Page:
Blood discovery: JAM-A protein keeps blood clots in check


Blood Discovery: JAM-A Protein Keeps Blood Clots In Check

Read more: At left, the JAM-A protein at work in reducing a blood clot; at right, a blood clot grows unchecked in the absence of the JAM-A protein. The images were taken with an intravital microscope.

Blood Discovery: JAM-A Protein Keeps Blood Clots In Check

Blood Discovery: JAM-A Protein Keeps Blood Clots In Check

A research team in the University of Delaware Department of Biological Sciences examines this particular protein in blood called junctional adhesion molecule A (JAM-A), found on the surface of platelets.

Blood Discovery: JAM-A Protein Keeps Blood Clots In Check

Although a number of different proteins in blood have been shown to slow clot formation, JAM-A is a far more powerful clot inhibitor, Ulhas Naik, director of the Delaware Cardiovascular Research Center at the University of Delaware, and his research team have discovered.

Blood Discovery: JAM-A Protein Keeps Blood Clots In Check

Naik notes JAM-A could potentially be a biomarker doctors could use to determine if a patient is at higher risk for a heart attack or stroke.

Blood Discovery: JAM-A Protein Keeps Blood Clots In Check

Their findings were recently reported in Blood, the flagship journal of the American Society of Hematology.

Blood Discovery: JAM-A Protein Keeps Blood Clots In Check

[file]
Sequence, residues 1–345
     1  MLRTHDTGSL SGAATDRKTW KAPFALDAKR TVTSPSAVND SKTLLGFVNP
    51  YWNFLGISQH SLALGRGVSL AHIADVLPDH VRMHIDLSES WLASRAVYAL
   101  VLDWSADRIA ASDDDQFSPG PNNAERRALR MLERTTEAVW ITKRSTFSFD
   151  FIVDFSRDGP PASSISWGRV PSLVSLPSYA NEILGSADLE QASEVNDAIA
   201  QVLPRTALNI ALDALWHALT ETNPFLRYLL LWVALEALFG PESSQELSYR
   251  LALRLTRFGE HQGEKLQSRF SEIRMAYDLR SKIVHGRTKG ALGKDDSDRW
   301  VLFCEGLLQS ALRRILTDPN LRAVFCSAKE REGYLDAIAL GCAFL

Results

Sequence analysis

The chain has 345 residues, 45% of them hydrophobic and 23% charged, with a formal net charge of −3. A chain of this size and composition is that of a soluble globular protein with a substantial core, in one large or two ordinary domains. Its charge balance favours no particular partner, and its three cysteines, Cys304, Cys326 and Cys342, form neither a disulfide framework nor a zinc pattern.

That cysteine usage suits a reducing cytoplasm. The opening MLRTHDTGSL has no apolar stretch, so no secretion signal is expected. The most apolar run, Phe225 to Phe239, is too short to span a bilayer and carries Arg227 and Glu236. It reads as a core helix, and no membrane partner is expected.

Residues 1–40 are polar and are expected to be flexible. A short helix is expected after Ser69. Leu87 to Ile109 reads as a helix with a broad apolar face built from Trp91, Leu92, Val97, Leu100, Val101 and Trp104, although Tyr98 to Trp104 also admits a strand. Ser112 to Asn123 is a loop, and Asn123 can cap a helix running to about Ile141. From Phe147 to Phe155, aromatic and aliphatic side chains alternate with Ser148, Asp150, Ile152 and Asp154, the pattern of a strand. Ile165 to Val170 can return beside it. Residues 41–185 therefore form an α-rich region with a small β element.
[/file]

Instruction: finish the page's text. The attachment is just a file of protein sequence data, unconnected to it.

Blood Discovery: JAM-A Protein Keeps Blood Clots In Check

Blood discovery: JAM-A protein keeps blood clots in check

Read more: http://tinyurl.com/87g6pkk At left, the JAM-A protein at work in reducing a blood clot; at right, a blood clot grows unchecked in the absence of the JAM-A protein. The images were taken with an intravital microscope.

A research team in the University of Delaware Department of Biological Sciences examines this particular protein in blood called junctional adhesion molecule A (JAM-A), found on the surface of platelets.

Although a number of different proteins in blood have been shown to slow clot formation, JAM-A is a far more powerful clot inhibitor, Ulhas Naik, director of the Delaware Cardiovascular Research Center at the University of Delaware, and his research team have discovered.

Naik notes JAM-A could potentially be a biomarker doctors could use to determine if a patient is at higher risk for a heart attack or stroke.

Their findings were recently reported in Blood, the flagship journal of the American Society of Hematology.